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      L-Arginine: Rediscovery in Progress


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          Since the recognition that L-arginine (LA) is the natural metabolic donor of nitric oxide, this amino acid has reached the medical spotlight. LA exerts favorable effects in the prevention and treatment of endothelial damage and the restoration of endothelial function in patients with cardiovascular risk factors (hypercholesterolemia, smoking, hypertension, diabetes and advanced age) or with several chronic cardiovascular disorders (coronary, peripheral and cerebral vascular disease, and mild-to-moderate heart failure). LA administration is likely to represent a potentially novel therapeutic strategy during angioplasty, coronary bypass grafting and cardiac transplantation. More conclusive research findings for the rediscovered role of this well-known substance merit close attention.

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          Vascular endothelial cells synthesize nitric oxide from L-arginine.

          Nitric oxide (NO) released by vascular endothelial cells accounts for the relaxation of strips of vascular tissue and for the inhibition of platelet aggregation and platelet adhesion attributed to endothelium-derived relaxing factor. We now demonstrate that NO can be synthesized from L-arginine by porcine aortic endothelial cells in culture. Nitric oxide was detected by bioassay, chemiluminescence or by mass spectrometry. Release of NO from the endothelial cells induced by bradykinin and the calcium ionophore A23187 was reversibly enhanced by infusions of L-arginine and L-citrulline, but not D-arginine or other close structural analogues. Mass spectrometry studies using 15N-labelled L-arginine indicated that this enhancement was due to the formation of NO from the terminal guanidino nitrogen atom(s) of L-arginine. The strict substrate specificity of this reaction suggests that L-arginine is the precursor for NO synthesis in vascular endothelial cells.
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            Correction of endothelial dysfunction in coronary microcirculation of hypercholesterolaemic patients by L-arginine

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              Early postoperative enteral nutrition with arginine-omega-3 fatty acids and ribonucleic acid-supplemented diet versus placebo in cancer patients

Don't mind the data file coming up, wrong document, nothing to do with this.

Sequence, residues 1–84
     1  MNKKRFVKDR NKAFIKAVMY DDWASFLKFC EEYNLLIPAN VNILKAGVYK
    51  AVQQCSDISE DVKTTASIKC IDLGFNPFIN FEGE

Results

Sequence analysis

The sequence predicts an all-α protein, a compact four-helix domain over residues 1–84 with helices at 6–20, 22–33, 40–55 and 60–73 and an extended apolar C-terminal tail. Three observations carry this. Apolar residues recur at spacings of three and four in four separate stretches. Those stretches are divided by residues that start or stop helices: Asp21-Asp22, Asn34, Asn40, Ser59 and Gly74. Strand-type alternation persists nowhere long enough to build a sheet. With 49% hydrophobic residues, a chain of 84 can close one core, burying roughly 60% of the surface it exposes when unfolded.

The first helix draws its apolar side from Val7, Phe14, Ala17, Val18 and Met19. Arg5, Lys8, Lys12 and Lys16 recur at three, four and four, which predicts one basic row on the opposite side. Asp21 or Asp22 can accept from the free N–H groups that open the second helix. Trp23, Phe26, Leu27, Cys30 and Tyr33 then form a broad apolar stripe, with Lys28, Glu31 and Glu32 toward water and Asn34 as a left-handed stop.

Author and article information

                S. Karger AG
                December 1998
                15 October 2008
                : 90
                : 3
                : 153-159
                Cardiac Rehabilitation Institute, Chaim Sheba Medical Center, Tel-Hashomer, Sackler Faculty of Medicine, Tel-Aviv University, Tel-Aviv, Israel
                6837 Cardiology 1998;90:153–159
                © 1998 S. Karger AG, Basel

                Copyright: All rights reserved. No part of this publication may be translated into other languages, reproduced or utilized in any form or by any means, electronic or mechanical, including photocopying, recording, microcopying, or by any information storage and retrieval system, without permission in writing from the publisher. Drug Dosage: The authors and the publisher have exerted every effort to ensure that drug selection and dosage set forth in this text are in accord with current recommendations and practice at the time of publication. However, in view of ongoing research, changes in government regulations, and the constant flow of information relating to drug therapy and drug reactions, the reader is urged to check the package insert for each drug for any changes in indications and dosage and for added warnings and precautions. This is particularly important when the recommended agent is a new and/or infrequently employed drug. Disclaimer: The statements, opinions and data contained in this publication are solely those of the individual authors and contributors and not of the publishers and the editor(s). The appearance of advertisements or/and product references in the publication is not a warranty, endorsement, or approval of the products or services advertised or of their effectiveness, quality or safety. The publisher and the editor(s) disclaim responsibility for any injury to persons or property resulting from any ideas, methods, instructions or products referred to in the content or advertisements.

                : 09 June 1998
                : 24 June 1998
                Page count
                Figures: 2, References: 94, Pages: 7

                General medicine,Neurology,Cardiovascular Medicine,Internal medicine,Nephrology
                Heart failure,Hypercholesterolemia,Ischemic heart disease,<italic>L</italic>-Arginine,Cardiovascular risk factors,Smoking,Nitric oxide


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